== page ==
In nearly every state, the Cooperative Extension specialist is considered a member of the professional staff of the state college of agriculture. The specialist’s constituency is off-campus, and includes industry practi­tioners, homeowners, and 4-H youth.

The purpose of the Cooperative Extension Service is to process the latest information from universities and private research firms world­wide into a form that can be understood and used by the Service’s

figure 18-1. The Cooperative Extension agent (right) advises a greenhouse grower who is having a bedding plant problem. (Courtesy USDA)

constituency; then to disseminate that information. Cooperative Extension is a university outreach service, and its specialists need skills appropriate to the task (Figure 18-1).

Specialists must be university educated and have industry experi­ence. They must read well and be able to organize and simplify complex material. Cooperative Extension specialists must enjoy organizing and leading workshops and tours. They must be comfortable with public speaking, and they must write well. Like teachers, Extension agents must have an above-average mastery of all communication skills.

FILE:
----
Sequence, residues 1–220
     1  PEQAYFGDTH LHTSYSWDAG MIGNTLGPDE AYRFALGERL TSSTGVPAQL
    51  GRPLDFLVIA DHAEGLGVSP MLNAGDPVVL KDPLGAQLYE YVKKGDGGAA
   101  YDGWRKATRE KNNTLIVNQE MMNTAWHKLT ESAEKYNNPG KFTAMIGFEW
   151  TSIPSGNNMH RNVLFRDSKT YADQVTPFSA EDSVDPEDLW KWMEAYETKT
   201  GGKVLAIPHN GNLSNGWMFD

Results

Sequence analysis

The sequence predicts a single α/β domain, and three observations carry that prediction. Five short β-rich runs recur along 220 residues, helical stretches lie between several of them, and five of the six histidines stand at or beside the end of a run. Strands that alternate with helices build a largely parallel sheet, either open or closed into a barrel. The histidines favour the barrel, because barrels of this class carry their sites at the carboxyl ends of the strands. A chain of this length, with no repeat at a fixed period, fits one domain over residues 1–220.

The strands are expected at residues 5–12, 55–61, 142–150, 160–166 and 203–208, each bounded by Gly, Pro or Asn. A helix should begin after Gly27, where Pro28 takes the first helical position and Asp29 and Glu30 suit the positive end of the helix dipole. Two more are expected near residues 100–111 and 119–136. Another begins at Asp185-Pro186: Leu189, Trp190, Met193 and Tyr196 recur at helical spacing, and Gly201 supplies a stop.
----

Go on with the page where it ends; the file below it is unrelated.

People are at the center of the Cooperative Extension effort: people with problems and questions, people of all ages and intellects. Predictably, many of their questions are the same, so agents must also have patience and the desire to help.

Some Cooperative Extension specialists work from offices, respond­ing to homeowners’ questions by telephone. Others are traveling trou­bleshooters responsible to growers in several counties. Still others work through radio, television, and the news media. The particular location and constituency usually define how the agent must work to reach the greatest number of people.

Most Cooperative Extension specialists have bachelor’s degrees in their fields of specialization, and many have master’s degrees.

Updated: October 7, 2015 — 9:05 am